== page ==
A BEHEMOTH of bygone Irish industry is buried amidst meadows and woodland about 15 kilometres from Cork city.
The remaining structures of the Gunpowder Mills can be found scattered throughout the 130 acres of Ballincollig Regional Park. Often hidden within thick vegetation, various buildings can appear unexpectedly as you stroll through the woods.
In the late 18th century, the chemical processing industry experienced a boom in Cork, with various productions being established, including that of gunpowder.
Dublin was the centre of the explosives industry until the Gunpowder Mills in Ballincollig shifted the balance, and between 1794 and 1815 the mills were the largest in Ireland and one of the largest in the former United Kingdom.
Charles Henry Leslie, who was a Cork banker, established the mills along with John Travers in 1794. In that year they constructed the original Inniscarra weir and laid the plans for the mills.
Good access to the port of Cork was a determining factor in the choice of site, as large volumes of gunpowder were set to be supplied and transported for the needs of the government. Other engineering factors were also pivotal, such as adequate isolation and size. This was necessary in order to manage the hazardous processes that were carried out.
A constant supply of water was imperative to provide the energy required to power the machinery.
As you walk around the Gunpowder Mills, you’ll notice how spaced out the buildings are. This was a key design feature to decrease the chances of dangerous chain-reaction explosions, which would have seen the destruction of many buildings, rather than just one.
The planting of trees around the mills was also strategic in order to prevent flying debris from accidental explosions.
The incorporating mill buildings were mainly built with timber to reduce the risk of serious harm to millworkers in the event of an explosion, this also enabled repair and reconstruction to occur rapidly if a building was destroyed by a blast.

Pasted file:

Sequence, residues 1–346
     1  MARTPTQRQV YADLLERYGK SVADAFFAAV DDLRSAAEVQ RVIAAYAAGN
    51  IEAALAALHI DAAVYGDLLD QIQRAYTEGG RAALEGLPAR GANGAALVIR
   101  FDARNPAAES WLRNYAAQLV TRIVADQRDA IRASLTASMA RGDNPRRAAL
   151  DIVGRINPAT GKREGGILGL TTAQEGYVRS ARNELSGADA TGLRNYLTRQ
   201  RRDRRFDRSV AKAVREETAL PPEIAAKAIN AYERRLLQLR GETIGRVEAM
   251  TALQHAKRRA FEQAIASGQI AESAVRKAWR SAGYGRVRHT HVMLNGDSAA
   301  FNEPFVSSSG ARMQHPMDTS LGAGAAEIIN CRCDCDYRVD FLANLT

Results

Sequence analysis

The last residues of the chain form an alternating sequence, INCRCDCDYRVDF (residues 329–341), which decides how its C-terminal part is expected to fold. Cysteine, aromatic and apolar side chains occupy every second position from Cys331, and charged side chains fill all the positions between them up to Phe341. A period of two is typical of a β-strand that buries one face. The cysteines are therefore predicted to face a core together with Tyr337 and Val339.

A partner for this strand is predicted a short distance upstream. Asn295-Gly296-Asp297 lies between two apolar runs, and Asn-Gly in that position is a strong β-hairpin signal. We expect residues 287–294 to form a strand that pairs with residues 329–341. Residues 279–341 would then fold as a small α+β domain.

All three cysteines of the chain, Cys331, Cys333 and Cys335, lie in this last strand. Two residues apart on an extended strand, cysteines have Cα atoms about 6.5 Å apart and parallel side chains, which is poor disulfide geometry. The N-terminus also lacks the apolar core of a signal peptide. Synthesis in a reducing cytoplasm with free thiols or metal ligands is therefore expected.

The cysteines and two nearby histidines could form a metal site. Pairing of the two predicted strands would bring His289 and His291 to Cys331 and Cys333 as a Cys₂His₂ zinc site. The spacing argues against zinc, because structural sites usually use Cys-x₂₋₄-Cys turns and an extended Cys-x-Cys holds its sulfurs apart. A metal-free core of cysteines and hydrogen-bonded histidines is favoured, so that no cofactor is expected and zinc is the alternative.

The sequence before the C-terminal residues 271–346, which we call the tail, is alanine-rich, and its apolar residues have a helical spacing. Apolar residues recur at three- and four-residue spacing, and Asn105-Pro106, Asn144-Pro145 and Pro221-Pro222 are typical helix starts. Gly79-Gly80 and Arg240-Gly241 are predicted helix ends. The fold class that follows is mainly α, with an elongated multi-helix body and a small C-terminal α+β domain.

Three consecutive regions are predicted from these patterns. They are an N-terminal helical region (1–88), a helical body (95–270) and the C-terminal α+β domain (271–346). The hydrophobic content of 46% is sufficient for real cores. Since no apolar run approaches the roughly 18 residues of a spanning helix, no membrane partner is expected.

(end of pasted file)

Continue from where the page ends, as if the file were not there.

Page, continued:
The hydro power canals covered a distance of 2.5km and for the era, they were a particularly unique feature of the site. The water powered installations were largely powered by breast fed waterwheels with an undershot action, with diameters sometimes as large as 21 feet.
Black gunpowder has three principal constituents; saltpetre (imported from India), sulphur (imported from Sicily), and charcoal, which was the only locally acquired ingredient and was provided by the appropriate forest plantations, using native species such as willow and alder.
Willow was the preferred choice for blasting powders, whilst alder was used for the “sporting powders” – shot gun cartridges and smaller fire arms.
Four pairs of edge runner stones (which were typical crushing apparatus of the time) were situated in each mill and powered by waterwheels. Lammot Du Pont, who was a gunpowder magnate from the USA, travelled to the mills in Ballincollig and noted that the edge runner stones were the largest he had ever seen.
The water turbine at the western carpark has survived in situ. It’s the oldest turbine of any variety to remain intact this way – in Ireland and Britain.
More than 90% of the buildings within the complex have survived in various states of preservation.
Security concerns for the British military were paramount, particularly after the uprising of 1798. This issue was resolved when the army barracks and administrative buildings were built on the Cork/Macroom road in Ballincollig village. This formed part of an enormous military complex during its early years and remains the best preserved industrial site of its type in Europe.
The mills first closed in 1815, however, the initial design and layout of the complex, with some expansion, remains largely the same as the surviving layout which is now immersed in the wood of the park.
There was a second chapter in the story of the Gunpowder Mills between 1833 and 1903. The mills was sold to private ownership for £15,000 and during this period it was the only gunpowder mills in Ireland and the second largest in the former United Kingdom.
In its heyday, 30,000 barrels per annum were shipped from Ballincollig, supplying places as far as Africa, South America and the West Indies, but by 1890, this figure had dropped to 13,000.
This was due to the competitive market place and new emerging explosives that were being engineered elsewhere.
Under British rule, the only thing that kept the mills open towards the very end was the Boer War, which was fought between the British Empire and South African states. Once the war ended in 1902, production ceased by 1903.
The park is free and open to the public. There’s a very helpful app that can be downloaded called ‘Powdermills’, which gives brief descriptions on the functionality and history of each building. The September opening hours are 9am to 8pm.
Next week: Richard Gordon visits Kilcrea Friary.